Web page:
Good Carbs Mean Better Weight
Type of Carbohydrate Matters More Than How Much of It You Eat, Say Researchers
Feb. 9, 2005 -- The latest weight loss news comes down on the side of
so-called "good" carbohydrates -- the kind offering more than sweet
tastes and flash-in-the-pan bursts of energy with few nutrients.
The type of carbohydrate you eat, rather than the total amount of
carbohydrates in your diet, may be related to body weight, say scientists in
the American Journal of Epidemiology's Feb. 15 edition.
Call it the victory of broccoli over white bread, or lentils over linguine.
Carbs with a lower glycemic index were kinder to weight than those with high
Glycemic index is an indicator of how quickly a food affects blood sugar
levels. Foods with a high glycemic index tend to be starchy, sugary, or refined
and stripped of some of their natural goodness; they're often "empty"
calories. In general, low-glycemic-index foods usually have more fiber and
For instance, french fries have a higher glycemic index than grapefruit.
Cakes and cookies are off the charts, compared with spinach.
You may have heard of the glycemic index before. It's often mentioned in
diets such as the Atkins and South Beach diets. Even if the phrase is new,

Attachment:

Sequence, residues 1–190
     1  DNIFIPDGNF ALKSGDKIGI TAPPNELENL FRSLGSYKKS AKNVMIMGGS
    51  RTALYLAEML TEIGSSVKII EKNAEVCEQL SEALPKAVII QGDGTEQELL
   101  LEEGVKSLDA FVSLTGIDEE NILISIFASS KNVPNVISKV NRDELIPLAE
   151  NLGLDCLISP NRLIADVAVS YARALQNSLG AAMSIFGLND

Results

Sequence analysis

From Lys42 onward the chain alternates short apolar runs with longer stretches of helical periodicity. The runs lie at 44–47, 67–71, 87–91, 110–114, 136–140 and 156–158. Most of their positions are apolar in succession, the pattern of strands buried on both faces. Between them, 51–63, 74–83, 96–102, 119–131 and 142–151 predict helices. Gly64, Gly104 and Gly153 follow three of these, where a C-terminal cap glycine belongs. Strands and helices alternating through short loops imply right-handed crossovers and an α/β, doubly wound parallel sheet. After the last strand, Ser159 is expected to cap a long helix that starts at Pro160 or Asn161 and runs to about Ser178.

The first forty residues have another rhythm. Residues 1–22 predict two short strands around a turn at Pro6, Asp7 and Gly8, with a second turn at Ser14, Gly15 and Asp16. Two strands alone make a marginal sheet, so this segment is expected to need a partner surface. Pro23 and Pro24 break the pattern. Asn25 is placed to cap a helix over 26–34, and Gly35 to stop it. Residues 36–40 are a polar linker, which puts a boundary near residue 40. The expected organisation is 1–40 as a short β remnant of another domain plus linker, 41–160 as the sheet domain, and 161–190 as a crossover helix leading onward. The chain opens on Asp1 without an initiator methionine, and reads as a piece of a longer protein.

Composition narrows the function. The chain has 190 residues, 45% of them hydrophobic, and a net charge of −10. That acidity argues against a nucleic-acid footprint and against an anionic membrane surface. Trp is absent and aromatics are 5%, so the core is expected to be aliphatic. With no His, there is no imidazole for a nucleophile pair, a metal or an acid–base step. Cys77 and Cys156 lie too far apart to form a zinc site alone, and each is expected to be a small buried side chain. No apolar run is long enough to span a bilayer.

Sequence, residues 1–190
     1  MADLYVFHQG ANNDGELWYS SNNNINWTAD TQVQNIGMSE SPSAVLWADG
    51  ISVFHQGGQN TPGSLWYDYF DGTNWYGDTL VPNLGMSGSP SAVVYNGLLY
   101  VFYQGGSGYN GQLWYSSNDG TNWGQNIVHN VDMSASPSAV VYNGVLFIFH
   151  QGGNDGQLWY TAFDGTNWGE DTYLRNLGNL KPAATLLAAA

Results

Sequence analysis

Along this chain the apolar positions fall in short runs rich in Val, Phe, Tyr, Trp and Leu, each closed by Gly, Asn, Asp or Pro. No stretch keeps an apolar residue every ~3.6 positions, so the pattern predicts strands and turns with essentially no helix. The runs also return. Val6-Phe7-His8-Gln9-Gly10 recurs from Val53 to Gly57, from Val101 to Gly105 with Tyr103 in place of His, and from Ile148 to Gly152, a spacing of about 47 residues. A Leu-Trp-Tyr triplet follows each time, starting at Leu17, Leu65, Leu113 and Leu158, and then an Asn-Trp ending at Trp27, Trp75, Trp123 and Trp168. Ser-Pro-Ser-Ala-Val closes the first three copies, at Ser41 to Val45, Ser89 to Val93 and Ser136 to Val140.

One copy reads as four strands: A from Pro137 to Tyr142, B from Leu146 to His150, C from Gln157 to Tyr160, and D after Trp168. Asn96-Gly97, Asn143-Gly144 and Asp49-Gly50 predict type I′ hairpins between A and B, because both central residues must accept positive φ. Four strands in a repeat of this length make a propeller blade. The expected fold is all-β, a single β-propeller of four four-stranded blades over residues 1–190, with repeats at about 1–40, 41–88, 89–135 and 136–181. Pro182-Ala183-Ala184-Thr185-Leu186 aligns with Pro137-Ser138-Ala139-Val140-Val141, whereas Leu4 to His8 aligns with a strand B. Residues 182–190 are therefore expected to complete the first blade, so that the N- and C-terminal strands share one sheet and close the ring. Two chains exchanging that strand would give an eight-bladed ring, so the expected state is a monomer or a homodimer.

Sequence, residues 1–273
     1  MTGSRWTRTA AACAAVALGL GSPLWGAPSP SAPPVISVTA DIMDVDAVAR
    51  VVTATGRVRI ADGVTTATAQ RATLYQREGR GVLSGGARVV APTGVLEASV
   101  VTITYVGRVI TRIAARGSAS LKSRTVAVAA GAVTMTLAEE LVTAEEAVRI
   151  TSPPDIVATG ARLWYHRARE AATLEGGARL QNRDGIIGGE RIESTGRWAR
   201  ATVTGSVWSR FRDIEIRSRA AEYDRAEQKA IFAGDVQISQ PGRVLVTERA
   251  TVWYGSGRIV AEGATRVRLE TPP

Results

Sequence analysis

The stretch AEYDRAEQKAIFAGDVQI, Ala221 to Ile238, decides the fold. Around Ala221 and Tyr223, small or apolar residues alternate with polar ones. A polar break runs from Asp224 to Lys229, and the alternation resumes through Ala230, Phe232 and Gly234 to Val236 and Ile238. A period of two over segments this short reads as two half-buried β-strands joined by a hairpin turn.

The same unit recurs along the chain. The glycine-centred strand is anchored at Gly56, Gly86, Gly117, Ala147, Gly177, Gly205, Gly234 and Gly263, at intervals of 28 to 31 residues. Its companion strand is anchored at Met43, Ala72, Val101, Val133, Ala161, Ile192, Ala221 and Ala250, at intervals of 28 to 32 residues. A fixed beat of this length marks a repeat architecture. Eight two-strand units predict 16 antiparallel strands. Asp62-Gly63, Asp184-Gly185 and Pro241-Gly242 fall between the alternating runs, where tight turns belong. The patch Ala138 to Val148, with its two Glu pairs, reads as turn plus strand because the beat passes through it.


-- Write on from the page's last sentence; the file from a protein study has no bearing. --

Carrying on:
you're bound to be aware of the carbohydrate consciousness of recent years.
Some people lump all carbs together, branding them as suspects in America's
weight crisis. But all carbohydrates are not alike, and the new study clears
the name of "good" carbs.
The study was conducted by researchers including Yunsheng Ma, PhD, MPH, of
the University of Massachusetts Medical School. Participants were 572 healthy
adults in central Massachusetts.
For one year, subjects gave quarterly reports on their food consumption and
physical activity for seven-day periods. The data was collected between 1994
Is Glycemic Index the Key to Weight Loss?
The researchers looked at what the participants ate, how much they worked
out, and their body mass index (BMI), a measure of total body fat. BMI is used
to assess heart disease risk.
Higher BMIs were associated with diets that had higher glycemic index
Daily carbohydrate intake and percentage of calories from carbohydrates
didn't matter. The study indicates that the type of carbohydrate -- noted by
glycemic index -- was what counted, say the researchers. Short-term weight loss
studies have echoed that result, but "the long-term effect of glycemic
index and total carbohydrates on body weight is currently unknown," say Ma
The finding is consistent with the idea that foods with a higher glycemic
index trigger more insulin production and more fat storage, say the
researchers. However, they don't endorse cutting all carbohydrates or focusing
on glycemic load for weight loss. Instead, glycemic index was most important,
say the scientists, calling for more research.